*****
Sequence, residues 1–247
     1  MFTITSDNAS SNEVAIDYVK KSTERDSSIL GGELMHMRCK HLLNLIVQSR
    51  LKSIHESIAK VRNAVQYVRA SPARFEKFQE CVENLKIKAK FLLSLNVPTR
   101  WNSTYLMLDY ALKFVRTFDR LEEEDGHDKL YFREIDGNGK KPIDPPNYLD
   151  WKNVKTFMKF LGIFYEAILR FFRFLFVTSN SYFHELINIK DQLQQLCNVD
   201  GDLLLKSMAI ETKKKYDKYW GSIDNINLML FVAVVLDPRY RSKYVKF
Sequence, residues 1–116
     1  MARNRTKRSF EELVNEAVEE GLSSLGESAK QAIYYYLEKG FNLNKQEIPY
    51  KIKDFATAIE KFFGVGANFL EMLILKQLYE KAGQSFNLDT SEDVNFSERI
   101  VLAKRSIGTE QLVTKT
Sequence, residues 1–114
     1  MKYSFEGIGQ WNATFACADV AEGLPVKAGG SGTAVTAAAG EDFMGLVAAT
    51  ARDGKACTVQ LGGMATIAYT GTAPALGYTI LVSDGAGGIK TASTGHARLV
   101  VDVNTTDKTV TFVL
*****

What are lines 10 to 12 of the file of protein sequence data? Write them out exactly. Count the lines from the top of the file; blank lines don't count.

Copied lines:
   101  VLAKRSIGTE QLVTKT
Sequence, residues 1–114
     1  MKYSFEGIGQ WNATFACADV AEGLPVKAGG SGTAVTAAAG EDFMGLVAAT